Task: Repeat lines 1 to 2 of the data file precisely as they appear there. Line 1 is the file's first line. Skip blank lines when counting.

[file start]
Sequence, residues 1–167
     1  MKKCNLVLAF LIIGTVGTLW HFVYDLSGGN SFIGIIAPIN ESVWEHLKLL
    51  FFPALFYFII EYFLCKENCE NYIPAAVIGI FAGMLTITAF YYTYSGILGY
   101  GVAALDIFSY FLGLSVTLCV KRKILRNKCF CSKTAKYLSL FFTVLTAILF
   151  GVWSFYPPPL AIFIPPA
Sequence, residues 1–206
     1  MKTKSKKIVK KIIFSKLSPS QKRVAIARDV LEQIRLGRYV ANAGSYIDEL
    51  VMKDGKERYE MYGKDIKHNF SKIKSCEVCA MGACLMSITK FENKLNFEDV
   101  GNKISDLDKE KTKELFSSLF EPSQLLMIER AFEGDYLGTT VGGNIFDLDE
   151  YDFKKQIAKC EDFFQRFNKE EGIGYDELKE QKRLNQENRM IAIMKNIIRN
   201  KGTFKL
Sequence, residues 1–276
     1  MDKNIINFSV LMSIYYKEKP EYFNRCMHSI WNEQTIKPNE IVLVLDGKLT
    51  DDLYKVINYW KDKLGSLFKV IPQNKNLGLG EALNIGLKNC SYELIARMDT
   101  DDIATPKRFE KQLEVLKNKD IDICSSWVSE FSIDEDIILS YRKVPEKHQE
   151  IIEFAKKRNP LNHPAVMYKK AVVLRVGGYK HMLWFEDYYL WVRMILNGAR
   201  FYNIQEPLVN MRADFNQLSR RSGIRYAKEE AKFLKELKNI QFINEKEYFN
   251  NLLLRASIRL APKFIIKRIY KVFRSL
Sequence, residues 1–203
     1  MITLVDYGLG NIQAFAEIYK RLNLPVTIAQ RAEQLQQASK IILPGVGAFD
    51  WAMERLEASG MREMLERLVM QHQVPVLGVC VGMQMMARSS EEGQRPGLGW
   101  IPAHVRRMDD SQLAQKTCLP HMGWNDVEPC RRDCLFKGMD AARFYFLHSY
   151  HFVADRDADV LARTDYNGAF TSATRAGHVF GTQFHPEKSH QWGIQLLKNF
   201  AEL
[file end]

Sequence, residues 1–167
     1  MKKCNLVLAF LIIGTVGTLW HFVYDLSGGN SFIGIIAPIN ESVWEHLKLL